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I want to protest outside a Pets Paradise store.

What do I do?

1 - 4 of 4 posts


shell2 shell2 QLD Posts: 5
1 7 Jun 2012
happy

[Moderator edit: No all-caps titles please]
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Lars Lars NSW Posts: 825
2 7 Jun 2012
stop using caps, that's what you do! you can also stealthily go in pretending that you're wanting a puppy and act concerned as to wear it comes from, not necessarily acting in any manner in regards to puppy farming, just ask questions to make sure "you're getting it from a  reliable source" if they won't  give you any info then go and protest out the front with some signs, oscars law signs/shirts etc
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Mokilok Mokilok VIC Posts: 34
3 8 Jun 2012
So I know there was this big issue with pets paradise and puppy farms but I think its been blown a little out of proportion.

You can't just protest any store, They each get puppies from difference places and some stores adhere to policies and some don't.

I knew a bloke who went to a local pets paradise and offered to sell them puppies and they accepted, Backyard breeder.

I also know a girl who is a big animal lover, she works for a different pets paradise store and their policies are very strict on where they come from. Also they are quiet strict on who they sell too (in that if they see something wrong, like they can't look after the animal or they are planning to use it as snake food, or they have been drinking etc.. they won't sell to that individual.)

Her store actually did get a protest and she was pretty annoyed about it given she does right by the Animals in her store.
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Beemo Beemo United States Posts: 1259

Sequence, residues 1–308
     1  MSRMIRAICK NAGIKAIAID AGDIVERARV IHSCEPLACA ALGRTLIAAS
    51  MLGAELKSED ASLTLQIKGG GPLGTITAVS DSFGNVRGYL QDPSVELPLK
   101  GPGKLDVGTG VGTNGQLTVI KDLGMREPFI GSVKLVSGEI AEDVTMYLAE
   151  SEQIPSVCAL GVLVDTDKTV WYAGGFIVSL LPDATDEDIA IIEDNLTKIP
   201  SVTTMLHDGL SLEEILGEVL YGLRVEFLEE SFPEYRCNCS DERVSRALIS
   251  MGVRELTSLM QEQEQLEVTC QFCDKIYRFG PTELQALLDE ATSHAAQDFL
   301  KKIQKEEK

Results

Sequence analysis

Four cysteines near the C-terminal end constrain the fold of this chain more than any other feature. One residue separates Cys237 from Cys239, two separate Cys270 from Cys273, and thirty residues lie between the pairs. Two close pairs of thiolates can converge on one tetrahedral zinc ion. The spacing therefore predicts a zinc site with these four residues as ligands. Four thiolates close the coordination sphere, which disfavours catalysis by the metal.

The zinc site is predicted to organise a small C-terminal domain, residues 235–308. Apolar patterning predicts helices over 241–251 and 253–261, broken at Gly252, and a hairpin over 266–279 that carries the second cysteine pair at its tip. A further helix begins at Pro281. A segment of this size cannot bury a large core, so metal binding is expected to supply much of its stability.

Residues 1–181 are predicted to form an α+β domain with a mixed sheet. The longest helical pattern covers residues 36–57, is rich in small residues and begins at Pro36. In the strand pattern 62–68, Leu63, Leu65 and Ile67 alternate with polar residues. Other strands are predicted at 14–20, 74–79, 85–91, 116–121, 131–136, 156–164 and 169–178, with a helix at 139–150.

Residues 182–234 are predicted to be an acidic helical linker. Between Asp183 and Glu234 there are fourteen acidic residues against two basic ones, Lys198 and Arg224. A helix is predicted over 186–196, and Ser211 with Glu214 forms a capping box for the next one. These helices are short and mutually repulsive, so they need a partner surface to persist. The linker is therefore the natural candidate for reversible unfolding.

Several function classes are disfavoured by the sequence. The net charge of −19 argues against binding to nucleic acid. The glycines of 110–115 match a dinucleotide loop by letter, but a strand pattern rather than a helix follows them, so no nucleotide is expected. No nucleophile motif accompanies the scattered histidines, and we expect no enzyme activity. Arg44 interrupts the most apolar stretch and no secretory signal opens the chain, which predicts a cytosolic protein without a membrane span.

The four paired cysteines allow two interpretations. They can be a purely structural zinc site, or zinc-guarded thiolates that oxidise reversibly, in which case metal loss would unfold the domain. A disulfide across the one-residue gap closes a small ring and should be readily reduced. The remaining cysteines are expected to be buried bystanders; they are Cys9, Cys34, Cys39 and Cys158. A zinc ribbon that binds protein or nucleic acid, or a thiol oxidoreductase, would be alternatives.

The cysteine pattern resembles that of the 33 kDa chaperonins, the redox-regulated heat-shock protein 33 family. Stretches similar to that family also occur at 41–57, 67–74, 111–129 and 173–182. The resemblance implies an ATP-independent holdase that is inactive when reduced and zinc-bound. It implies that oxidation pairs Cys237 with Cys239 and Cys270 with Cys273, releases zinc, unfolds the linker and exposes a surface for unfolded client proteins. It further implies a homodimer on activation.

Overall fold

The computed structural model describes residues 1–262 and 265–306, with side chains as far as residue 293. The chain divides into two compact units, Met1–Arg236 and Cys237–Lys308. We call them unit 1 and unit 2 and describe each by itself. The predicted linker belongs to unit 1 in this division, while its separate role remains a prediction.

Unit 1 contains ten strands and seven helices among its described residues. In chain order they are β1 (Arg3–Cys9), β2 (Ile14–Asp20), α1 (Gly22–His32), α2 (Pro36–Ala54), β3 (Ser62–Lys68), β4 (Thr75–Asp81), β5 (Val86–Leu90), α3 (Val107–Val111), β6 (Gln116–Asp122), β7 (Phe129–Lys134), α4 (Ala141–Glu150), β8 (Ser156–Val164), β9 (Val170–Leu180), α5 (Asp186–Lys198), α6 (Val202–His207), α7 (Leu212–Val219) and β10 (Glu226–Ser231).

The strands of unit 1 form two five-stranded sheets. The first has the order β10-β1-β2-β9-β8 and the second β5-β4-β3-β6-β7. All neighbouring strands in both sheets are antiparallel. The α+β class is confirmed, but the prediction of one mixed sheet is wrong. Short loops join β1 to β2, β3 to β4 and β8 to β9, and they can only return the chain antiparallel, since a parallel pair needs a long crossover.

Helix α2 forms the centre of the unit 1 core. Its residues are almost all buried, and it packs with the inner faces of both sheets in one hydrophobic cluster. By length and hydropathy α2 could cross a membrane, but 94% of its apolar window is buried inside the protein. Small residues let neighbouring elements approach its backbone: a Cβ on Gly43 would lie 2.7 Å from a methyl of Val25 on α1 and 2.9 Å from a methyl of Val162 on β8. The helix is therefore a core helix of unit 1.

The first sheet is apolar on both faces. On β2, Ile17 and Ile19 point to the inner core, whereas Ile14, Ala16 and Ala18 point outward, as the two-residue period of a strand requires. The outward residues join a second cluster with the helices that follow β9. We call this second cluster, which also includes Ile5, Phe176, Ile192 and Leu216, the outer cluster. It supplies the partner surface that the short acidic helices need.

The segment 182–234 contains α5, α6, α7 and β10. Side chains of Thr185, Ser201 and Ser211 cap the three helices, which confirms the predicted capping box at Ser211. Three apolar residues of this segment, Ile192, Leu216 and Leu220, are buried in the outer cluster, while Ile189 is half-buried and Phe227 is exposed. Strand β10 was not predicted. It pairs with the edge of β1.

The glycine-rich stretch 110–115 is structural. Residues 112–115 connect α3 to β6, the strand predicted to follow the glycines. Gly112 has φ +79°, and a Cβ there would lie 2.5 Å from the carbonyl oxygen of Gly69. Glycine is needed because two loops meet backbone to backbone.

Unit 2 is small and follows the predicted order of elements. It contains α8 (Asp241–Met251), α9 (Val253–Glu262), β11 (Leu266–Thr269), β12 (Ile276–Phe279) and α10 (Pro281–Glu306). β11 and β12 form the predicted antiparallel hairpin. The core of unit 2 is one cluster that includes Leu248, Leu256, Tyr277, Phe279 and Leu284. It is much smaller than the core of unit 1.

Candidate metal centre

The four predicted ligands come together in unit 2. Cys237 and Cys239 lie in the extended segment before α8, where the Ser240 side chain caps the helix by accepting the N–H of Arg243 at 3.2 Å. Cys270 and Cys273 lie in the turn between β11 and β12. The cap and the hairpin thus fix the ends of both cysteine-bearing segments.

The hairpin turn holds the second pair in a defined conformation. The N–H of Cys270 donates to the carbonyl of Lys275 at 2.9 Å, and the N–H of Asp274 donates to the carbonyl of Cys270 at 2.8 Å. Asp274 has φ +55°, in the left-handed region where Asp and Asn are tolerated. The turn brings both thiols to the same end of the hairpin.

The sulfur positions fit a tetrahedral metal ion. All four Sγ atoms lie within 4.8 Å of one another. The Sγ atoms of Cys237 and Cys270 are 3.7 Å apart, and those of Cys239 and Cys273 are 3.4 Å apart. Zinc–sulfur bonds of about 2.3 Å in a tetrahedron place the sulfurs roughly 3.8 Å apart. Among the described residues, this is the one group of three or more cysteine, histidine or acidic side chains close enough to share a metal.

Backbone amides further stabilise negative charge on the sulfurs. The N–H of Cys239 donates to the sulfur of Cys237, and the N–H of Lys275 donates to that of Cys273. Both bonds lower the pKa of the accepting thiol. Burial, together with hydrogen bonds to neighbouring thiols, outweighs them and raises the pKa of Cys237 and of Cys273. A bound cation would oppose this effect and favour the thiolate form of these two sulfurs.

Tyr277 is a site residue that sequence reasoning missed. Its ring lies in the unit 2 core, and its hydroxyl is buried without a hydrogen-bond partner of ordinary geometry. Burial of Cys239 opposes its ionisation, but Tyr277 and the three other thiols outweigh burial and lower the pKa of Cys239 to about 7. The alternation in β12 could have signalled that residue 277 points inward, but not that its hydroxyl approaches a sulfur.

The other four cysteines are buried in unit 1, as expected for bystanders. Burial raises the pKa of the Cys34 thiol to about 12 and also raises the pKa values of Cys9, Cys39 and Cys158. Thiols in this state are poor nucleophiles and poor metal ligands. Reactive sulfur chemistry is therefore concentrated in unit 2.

4 8 Jun 2012
Animals shouldn't be sold in pet shops full stop.
Any reliable breeders won't let their animals be sold in pet shops. Responsible breeders like to do thorough checks to make sure people are educated enough about the particular breed, yard checks to make sure your yard is safe and a suitable size, and they even sometimes do check ups a few weeks after getting the animal to see how they are adjusting to their new home.
The same as adopting animals through rescue organisations - they will get you to fill out a form to apply for adoption, and then will come and do a yard check.
This just doesn't happen in pet stores. So who knows where the animal is going or how well the owners are going to be able to look after it.

The first few months of a puppy or kittens life are an essential part of their physical and mental development. Being locked in a cage or a glass box does not give them enough exercise or social stimulation with other people or animals.

A lot of backyard breeders are also no better than puppy farmers. A lady in a nearby suburb had nearly 100 dogs in her yard which were severely neglected, living in filth and in severe need of medical attention. This went on for years until she was finally banned from owning dogs for an extended period of time.
A person I know also got their kelpie puppy from a man who had the poor dogs tied up on chains mostly all day long, and the puppies were skinny and neglected.

Point being that no matter how educated a pet shop worker is, or where the animals are coming from, a pet store is still no place for a puppy, kitten or any animal to be.
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